Thursday, April 10, 2008

This is the Day That the Lord Has Made!

And I am certainly rejoicing! I'm singing praise and making joyful noise and all that! Why? It's early April in NYC and 70 degrees with cloudless blue skies. I was accepted In Care to my local UCC Association, which means I can proceed with ordination/call steps. And, above all...

It's my birthday!! So happy birthday to me, and thanks to God (and my parents) for my life and all the joy and blessings with which it is filled. My cup certainly runneth over!

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Sunday, April 06, 2008

Named or Un-named, We Remember

I can't seem to stop thinking about her, this woman whose name I don't know.

On Friday, while leaving a friend's apartment, I was stopped in my tracks by an unmistakeable sound: that of someone being hit.

A man yelled in Spanish, each phrase punctuated by that horrible sound. I heard her voice yell back once. His reply was that sound. As I came to myself enough to move away down the stairs, not wanting to be discovered just standing there listening, I heard him yell some more, "Que te dijo? Que te dijo?!" What did I tell you, what did I tell you.

I didn't know what to do. I felt conflicted. It was not my building, not my neighbor, not my business. And yet, I'm a Christian, and a woman. That woman being hit was my neighbor, my sister. I thought about what would happen if I called the police. What would I tell them? Someone was being hit, in some apartment in this building? When I told my friend what I'd heard, he replied, "Welcome to the neighborhood."

And so we fulfill the stereotype of a poor urban neighborhood made up of people of color. Of course, women who live in these places are not the only ones abused by their partners and family members, not by a long shot. But I think about how easily I heard it. Where I grew up, there's at least a little space between houses. While I'm sure my neighbors caught an earful when arguments between my father and me spilled outside, if there had been abuse going on inside, they probably wouldn't have heard. What must it be like to be the neighbors of that woman and others, of the children who are beaten, to hear that?

My contact lasted less than a minute, but reached my soul. What is it like to be exposed to violence--especially intimate violence--as a bystander, over and over? Does one just get used to it, not hear it anymore? Or does it create a dark place in the soul?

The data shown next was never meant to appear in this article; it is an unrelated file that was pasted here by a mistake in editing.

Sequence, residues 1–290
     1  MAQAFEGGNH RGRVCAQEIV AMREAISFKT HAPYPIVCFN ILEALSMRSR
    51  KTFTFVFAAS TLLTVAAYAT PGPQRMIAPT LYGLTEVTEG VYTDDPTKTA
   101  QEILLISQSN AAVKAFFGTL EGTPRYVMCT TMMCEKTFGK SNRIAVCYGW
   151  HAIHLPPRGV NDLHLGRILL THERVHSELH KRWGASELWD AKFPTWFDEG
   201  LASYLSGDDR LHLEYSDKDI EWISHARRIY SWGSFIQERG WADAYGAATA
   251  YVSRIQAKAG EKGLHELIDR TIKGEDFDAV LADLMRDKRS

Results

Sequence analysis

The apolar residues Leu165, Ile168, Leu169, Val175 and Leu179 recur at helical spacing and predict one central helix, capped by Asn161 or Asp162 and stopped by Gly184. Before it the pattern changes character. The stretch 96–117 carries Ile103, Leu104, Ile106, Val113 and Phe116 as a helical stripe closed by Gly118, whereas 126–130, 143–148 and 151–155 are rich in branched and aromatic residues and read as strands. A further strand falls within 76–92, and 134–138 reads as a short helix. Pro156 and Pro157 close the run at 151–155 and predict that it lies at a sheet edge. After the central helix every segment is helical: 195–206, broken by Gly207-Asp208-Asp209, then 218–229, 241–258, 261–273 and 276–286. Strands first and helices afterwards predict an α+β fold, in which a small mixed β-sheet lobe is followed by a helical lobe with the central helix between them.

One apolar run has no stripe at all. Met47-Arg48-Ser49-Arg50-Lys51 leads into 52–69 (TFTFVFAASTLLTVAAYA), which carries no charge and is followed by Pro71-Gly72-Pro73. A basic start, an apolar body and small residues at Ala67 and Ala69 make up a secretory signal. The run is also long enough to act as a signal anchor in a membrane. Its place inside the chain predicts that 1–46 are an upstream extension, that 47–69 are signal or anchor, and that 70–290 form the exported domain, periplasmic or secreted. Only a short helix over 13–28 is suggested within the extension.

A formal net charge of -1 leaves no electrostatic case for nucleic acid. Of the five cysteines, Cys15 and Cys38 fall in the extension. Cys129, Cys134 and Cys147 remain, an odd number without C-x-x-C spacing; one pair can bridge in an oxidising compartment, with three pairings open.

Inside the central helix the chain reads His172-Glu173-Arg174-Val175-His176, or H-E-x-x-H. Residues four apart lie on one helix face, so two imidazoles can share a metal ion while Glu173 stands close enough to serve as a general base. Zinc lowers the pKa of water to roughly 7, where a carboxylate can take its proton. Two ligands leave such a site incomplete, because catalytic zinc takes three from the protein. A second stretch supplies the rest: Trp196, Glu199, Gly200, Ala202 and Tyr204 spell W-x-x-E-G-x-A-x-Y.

Over the last couple days I've held this woman in my thoughts and prayers, and I've come to a realization. In a womanist/feminist preaching class I'm taking this semester, we talk a lot about the many un-named women in the Bible. We remember their stories, but we'll never know their names. One woman invites her children to give the women names when they read about them.

I will remember this woman, though I will never know her name. And like most of the un-named women of the Bible, I don't really know who she is--just one tiny captured moment of her life is all I've got. But I won't forget. In my mind, her name is Luz--Light. I pray for her, for those who love her, for he that hits her, and for all those who are victims of intimate violence--through first-hand experience or second-hand awareness. I pray.

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Friday, April 04, 2008

I'm back! ( and with stole pictures!)

Wowza has it been a long time since I posted. This is what happens when one has to make 7 stoles and write an accompanying paper in less than two months. But it's done and so I'm back to real life, which includes blogging (and, unfortunately, regular homework).

I know that some of you have been anxious to see the finished product of my senior thesis project. For those who are unaware of what I did, the official title was "Woman of the Cloth: Quilting a Calendar of Stoles," and I designed and made 6 stoles and a prayer shawl based on the Christian liturgical calendar. It was an amazing experience, and I showed them last night and got a fantastic response. We also performed a ritual of blessing (which I wrote), which was more powerful and moving than I even expected.

So below is my artist's statement and pictures of the stoles, as displayed during the show apologies to those with slower connections; this one's gonna take a while, alongside the blessing bestowed upon them, which were read by 7 different people (bold indicates response by all gathered). Apologies to those with slower connections that this will take a while; also apologies that the pictures may not be super-clear since I made them smaller for posting.